Purpose Neuroendovascular procedures are performed in skull base neoplasias with the objective of achieving preoperative embolization to increase the safety of surgical procedures by limiting intraoperative hemorrhage, reduce the need for blood transfusion, increase visibility in the surgical field, and shortening hospitalization length. While the benefits are significant, this procedure within itself carries a substantial range of repercussions including tissue ischemia, stroke, and death, thus a risk-benefit profile should be considered in each case. Hence embolization should be reserved for lesions with numerous, deep, surgically inaccessible tributaries, where a significant bleed is anticipated, or the tumor is surrounded by critical neurovascular structures.
Materials and methods We present an evidence-based review of the perioperative process involved in endoscopic embolization of skull base tumors. This summary will outline the risk-benefit profile as well as indications and contraindications taken into consideration when determining suitability of radiologic intervention, and resultant scope of outcomes. Additional parameters including circumstances in which temporary or liquid embolic agents are more amendable, preoperative imaging features, procedural details of angioembolization, and subsequent follow up monitoring are also discussed.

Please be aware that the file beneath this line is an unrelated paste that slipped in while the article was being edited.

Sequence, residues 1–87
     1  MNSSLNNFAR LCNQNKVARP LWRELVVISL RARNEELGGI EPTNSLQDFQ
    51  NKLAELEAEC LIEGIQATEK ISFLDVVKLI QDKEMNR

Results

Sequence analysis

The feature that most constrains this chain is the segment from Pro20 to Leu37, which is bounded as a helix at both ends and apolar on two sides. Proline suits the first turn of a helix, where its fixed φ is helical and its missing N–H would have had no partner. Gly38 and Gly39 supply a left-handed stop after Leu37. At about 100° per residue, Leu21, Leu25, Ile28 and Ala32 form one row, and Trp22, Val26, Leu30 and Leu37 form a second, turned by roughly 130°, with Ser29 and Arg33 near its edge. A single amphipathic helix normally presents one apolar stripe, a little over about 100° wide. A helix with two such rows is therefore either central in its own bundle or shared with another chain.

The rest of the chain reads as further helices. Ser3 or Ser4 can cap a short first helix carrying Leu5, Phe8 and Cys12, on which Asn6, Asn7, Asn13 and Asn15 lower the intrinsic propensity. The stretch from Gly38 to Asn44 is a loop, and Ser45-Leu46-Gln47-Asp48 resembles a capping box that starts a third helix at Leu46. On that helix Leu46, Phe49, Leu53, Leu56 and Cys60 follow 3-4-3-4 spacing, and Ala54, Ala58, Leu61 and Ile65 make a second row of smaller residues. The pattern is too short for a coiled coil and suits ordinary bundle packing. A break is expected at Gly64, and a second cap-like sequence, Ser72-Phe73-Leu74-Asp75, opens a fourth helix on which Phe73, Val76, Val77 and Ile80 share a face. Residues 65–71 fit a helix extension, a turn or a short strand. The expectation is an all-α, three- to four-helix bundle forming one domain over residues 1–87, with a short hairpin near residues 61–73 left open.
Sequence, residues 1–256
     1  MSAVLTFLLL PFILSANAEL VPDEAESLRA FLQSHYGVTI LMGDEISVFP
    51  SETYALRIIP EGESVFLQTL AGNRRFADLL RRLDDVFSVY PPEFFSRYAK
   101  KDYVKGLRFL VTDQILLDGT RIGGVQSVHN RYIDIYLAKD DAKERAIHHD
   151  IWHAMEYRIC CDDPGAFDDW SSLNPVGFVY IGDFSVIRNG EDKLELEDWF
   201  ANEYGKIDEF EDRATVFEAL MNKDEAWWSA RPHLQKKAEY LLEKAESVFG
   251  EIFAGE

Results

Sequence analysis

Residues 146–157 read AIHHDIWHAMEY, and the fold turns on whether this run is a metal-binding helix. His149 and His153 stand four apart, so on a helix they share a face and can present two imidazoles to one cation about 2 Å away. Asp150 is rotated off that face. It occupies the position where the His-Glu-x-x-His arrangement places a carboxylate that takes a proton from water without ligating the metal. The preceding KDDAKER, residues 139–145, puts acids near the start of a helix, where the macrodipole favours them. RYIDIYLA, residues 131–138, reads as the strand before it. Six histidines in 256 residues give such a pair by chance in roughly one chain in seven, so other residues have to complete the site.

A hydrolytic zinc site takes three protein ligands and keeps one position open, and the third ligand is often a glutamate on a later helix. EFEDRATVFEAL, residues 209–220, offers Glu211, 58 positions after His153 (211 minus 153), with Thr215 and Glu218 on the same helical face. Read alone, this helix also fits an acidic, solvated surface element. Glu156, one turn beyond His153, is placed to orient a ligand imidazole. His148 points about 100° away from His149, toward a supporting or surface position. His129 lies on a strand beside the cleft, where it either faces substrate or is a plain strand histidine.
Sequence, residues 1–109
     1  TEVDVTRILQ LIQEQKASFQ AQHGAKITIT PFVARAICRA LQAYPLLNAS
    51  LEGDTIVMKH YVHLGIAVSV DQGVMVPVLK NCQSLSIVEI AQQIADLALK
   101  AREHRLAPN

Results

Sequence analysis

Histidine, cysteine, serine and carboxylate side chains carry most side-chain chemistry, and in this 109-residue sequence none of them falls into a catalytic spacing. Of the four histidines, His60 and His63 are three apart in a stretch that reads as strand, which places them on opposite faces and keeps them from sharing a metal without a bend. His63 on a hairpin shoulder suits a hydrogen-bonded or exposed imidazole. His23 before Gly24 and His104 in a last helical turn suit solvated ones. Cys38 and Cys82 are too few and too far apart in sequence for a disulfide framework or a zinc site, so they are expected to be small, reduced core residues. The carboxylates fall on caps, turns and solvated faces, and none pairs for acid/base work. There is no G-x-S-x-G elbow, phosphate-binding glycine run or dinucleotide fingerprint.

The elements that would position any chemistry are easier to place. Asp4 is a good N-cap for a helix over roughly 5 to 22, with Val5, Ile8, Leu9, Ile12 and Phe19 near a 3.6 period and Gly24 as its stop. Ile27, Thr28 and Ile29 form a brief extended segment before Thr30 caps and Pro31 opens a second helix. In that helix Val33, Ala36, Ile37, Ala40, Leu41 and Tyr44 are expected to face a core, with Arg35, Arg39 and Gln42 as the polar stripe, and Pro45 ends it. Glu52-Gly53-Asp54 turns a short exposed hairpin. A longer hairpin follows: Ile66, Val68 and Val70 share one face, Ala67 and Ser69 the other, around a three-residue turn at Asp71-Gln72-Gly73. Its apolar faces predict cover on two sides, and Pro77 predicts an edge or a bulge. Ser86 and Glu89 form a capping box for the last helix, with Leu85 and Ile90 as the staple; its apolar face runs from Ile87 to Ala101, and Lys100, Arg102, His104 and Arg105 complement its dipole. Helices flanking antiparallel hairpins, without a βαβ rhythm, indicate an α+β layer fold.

Results Angiography often precedes embolization to establish tumor supply and collateralization as well as occluding anastamoses with coils. Additionally, it provides the interventionalist with the opportunity to become familiarized with the vasa nervorum and arteries supplying cranial nerves, as well as the tributaries supplying the tumor, thereby informing selection of an appropriate embolic agent. With encasement of large arteries like the ICA or vertebral, where inadvertent or deliberate sacrifice may be anticipated, preoperative balloon test occlusions may be utilized. Surgery often occurs within 72 hours of angioembolization to maximize benefits, while simultaneously occurring at increased risk of tissue necrosis, migration into collateral channels, and injury to the vasa nervorum in certain pedicles. The primary skull base tumors that most commonly benefit include meningioma, juvenile angiofibroma, and paraganglioma.
Conclusion Neurointerventional procedures play a pivotal role in the management of skull base neoplasms. Pre-operative embolization must performed judiciously in the context of the potential harms and benefits imposed on the patient. While effective intervention can yield improved perioperative visualization with reduced tumor size and resultant blood loss, important risks for consideration include cranial nerve injury, tissue necrosis, access vessel injury, and death from inadvertent non-target embolization.
Disclosures A. Dmytriw: None. D. Sarma: None. M. Cusimano: None. A. Bharatha: None.
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